Half a croissant, on a plate, with a sign in front of it saying '50c'
h a l f b a k e r y
i v n i n seeks n e t o

idea: add, search, annotate, link, view, overview, recent, by name, random

meta: news, help, about, links, report a problem

account: browse anonymously, or get an account and write.



Cheese LEGO

Stackable, bite-sized cheese bricks
  [vote for,

These would take the shape of LEGO and be able to stack loosely into creative shapes for snacks at parties and buffets. Different flavors would be available, as would slight color variations (mostly just darkness of the cheese) for creating visually stunning sculptures.

Pre-packaged creations could be purchased (e.g, cheese castles), and custom designs could be created by online tools and mailed to the orderer.

(Where is Food: Cheese?)

rgovostes, Jun 24 2004

Food: Cheese http://www.halfbake...ea/Food_3a_20Cheese
Isn't it time? [rgovostes, Oct 04 2004]


       Hmm, I could make a dinosaur out of cheese. You could have kits too. Like a make-a-cactus kit with pepper jack cheese. Yummy +
evilmathgenius, Jun 24 2004

       some of those swiss cheeses have the dimples but not sure about the little lumpy protuberances though...
po, Jun 24 2004

       [po]-Couldn't you just have a cheese mold to make the lego shape?
evilmathgenius, Jun 24 2004

       "Wonderful party, Martha. I just love the cheese castle centerpiece. And it tastes as good as it looks too!"   

       "Oh thank you Thomas, my dear. Little Jimmy spent all afternoon building it from those cheese legos. He came down with a nastly little bit of the flu though, so we sent him to bed early. I'll tell him you enjoyed it though."   

       ...Not very sanitary, but what's the point of life if you can't have a little fun every once and again? (+)
luecke, Jun 24 2004

       LEGO blocks, LEGO bricks, LEGO building sets, LEGO toys, or LEGO sets. Never LEGOs.
GenYus, Jun 24 2004

       don't ask me - its rgovostes' idea
po, Jun 24 2004

       why not a package of cheese cubes that come with a tiny cigarette lighter-like torch. They heat melt the cheese together and the kids learn fire safety at the same time. Who needs interlocking pieces when you have the free-form melt option.
macncheesy, Jun 24 2004

       Please also supply a mold for burgerpatties and buns that put LEGO nubs** on these items. That way burgers cannot slip apart any more.   

       **Perhaps a little taller than usual so they can penetrate the slice of tomato and the lettuce.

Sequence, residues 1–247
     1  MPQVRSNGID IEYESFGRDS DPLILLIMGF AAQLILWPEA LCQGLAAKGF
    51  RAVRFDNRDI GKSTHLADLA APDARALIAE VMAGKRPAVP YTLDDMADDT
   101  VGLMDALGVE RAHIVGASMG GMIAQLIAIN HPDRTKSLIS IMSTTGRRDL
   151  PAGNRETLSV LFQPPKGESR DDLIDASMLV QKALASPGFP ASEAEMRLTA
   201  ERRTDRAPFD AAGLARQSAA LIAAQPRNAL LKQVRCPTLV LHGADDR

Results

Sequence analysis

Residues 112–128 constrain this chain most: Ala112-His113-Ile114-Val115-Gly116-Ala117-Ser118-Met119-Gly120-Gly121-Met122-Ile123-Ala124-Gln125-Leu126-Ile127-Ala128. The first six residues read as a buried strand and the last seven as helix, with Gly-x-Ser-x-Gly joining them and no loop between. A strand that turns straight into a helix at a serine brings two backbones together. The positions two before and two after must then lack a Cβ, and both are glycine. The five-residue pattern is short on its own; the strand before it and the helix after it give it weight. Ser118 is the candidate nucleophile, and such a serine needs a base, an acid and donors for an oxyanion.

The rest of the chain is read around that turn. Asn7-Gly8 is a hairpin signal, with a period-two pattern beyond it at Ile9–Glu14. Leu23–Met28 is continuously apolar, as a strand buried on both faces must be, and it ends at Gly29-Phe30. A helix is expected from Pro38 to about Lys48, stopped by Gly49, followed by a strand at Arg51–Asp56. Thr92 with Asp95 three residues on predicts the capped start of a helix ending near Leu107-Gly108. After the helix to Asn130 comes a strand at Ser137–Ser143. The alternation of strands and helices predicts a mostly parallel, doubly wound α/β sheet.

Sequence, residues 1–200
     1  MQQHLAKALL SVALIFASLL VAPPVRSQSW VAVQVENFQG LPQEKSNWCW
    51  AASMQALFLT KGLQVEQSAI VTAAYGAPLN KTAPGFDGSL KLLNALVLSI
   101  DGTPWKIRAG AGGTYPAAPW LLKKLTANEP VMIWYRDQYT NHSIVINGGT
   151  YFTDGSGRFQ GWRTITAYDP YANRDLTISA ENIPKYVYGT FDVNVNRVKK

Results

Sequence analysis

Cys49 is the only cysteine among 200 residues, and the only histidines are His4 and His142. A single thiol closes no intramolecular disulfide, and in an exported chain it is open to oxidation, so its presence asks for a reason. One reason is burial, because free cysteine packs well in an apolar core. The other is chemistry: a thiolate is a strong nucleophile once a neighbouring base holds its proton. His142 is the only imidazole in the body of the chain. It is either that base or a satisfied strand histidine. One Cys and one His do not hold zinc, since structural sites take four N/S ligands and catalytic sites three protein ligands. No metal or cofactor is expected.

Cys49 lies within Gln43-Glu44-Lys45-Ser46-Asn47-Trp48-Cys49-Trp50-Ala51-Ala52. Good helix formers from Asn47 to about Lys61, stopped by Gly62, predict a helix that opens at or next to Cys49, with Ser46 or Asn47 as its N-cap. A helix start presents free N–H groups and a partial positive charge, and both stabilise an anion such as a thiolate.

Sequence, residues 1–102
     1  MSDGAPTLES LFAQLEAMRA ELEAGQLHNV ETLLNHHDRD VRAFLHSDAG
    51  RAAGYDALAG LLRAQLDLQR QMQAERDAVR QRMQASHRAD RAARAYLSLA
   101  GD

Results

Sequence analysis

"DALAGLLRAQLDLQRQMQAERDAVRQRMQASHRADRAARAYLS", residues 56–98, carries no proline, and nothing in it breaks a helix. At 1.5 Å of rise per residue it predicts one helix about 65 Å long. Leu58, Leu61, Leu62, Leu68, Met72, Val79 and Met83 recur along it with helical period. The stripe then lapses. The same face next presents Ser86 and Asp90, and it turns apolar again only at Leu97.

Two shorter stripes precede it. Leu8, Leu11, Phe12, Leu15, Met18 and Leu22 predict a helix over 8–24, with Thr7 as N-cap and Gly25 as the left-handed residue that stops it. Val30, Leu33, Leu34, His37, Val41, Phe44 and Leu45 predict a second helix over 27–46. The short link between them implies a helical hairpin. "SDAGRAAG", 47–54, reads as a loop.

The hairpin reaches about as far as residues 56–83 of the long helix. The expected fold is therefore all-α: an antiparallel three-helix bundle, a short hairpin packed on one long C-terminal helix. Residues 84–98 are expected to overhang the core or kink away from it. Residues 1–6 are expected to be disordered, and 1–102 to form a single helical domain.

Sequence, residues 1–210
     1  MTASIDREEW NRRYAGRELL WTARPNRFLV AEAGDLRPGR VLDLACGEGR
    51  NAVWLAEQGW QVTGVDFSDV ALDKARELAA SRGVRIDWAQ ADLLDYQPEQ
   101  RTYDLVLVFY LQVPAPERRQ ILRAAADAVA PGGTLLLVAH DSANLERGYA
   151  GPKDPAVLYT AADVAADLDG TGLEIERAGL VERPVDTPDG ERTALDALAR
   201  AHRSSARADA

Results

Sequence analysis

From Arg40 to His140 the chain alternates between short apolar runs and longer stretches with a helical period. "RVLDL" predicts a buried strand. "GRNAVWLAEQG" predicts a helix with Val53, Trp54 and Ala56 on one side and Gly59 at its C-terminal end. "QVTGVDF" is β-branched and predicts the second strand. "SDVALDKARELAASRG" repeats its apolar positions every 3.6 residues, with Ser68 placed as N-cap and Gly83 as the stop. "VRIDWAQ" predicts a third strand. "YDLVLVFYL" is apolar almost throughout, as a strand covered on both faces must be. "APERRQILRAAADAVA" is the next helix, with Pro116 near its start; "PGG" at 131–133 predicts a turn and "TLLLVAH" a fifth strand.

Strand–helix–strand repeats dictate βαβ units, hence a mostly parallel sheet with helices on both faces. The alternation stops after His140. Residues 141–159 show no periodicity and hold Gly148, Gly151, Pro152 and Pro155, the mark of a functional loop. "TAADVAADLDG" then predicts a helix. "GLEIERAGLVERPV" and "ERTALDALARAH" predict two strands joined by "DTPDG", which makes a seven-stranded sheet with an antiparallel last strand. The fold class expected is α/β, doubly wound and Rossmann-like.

kbecker, Jun 24 2004

       Didn't we do interlocking sandwich stuff once?
squeak, Jun 25 2004

       Yes - Hinged bread and Sandwich staples were two that spring to mind.
Agree with Genyus - defintely not "Legos". Lego is, by common usage, already a plural when applied to the bricks - I've got a lot of Lego at home, I'd like some Lego for Christmas etc.
goff, Jun 25 2004

       Jeez, if you've already got a lot of Lego at home isn't it just a bit greedy to want even more for Christmas?
harderthanjesus, Jun 25 2004

       htj - Could you explain that to my son?
goff, Jun 28 2004

       Wouldn't the cheese stick together if the temperature got even a little warm? Especially under buffet conditions?
Pocketassreturn, Jun 28 2004

       Make crackers that adhere to the interlock standard and pile 'em up.
RayfordSteele, Jun 28 2004

       Interestingly, as it is Lego, who are fantastic at innovation, the Quattro block is actually a direct copy of "Megablocks" which was at first, always seen as a "cheap copy" of real lego. However, cos their bricks were bigger, they took much more of the toddler market. Lego had some pre-school bricks out, but they were rubbish (we've got some at home). To complete the irony, it was only a couple of years ago that megablocks themselves branched out and created a smaller harder brick much more like Lego so that they could compete in hte older kids market.
Id quot circumiret, circumveniat...
goff, Jun 29 2004

       Somebody get him a glass of water.   

       what goes around, comes around...
goff, Jul 01 2004


back: main index

business  computer  culture  fashion  food  halfbakery  home  other  product  public  science  sport  vehicle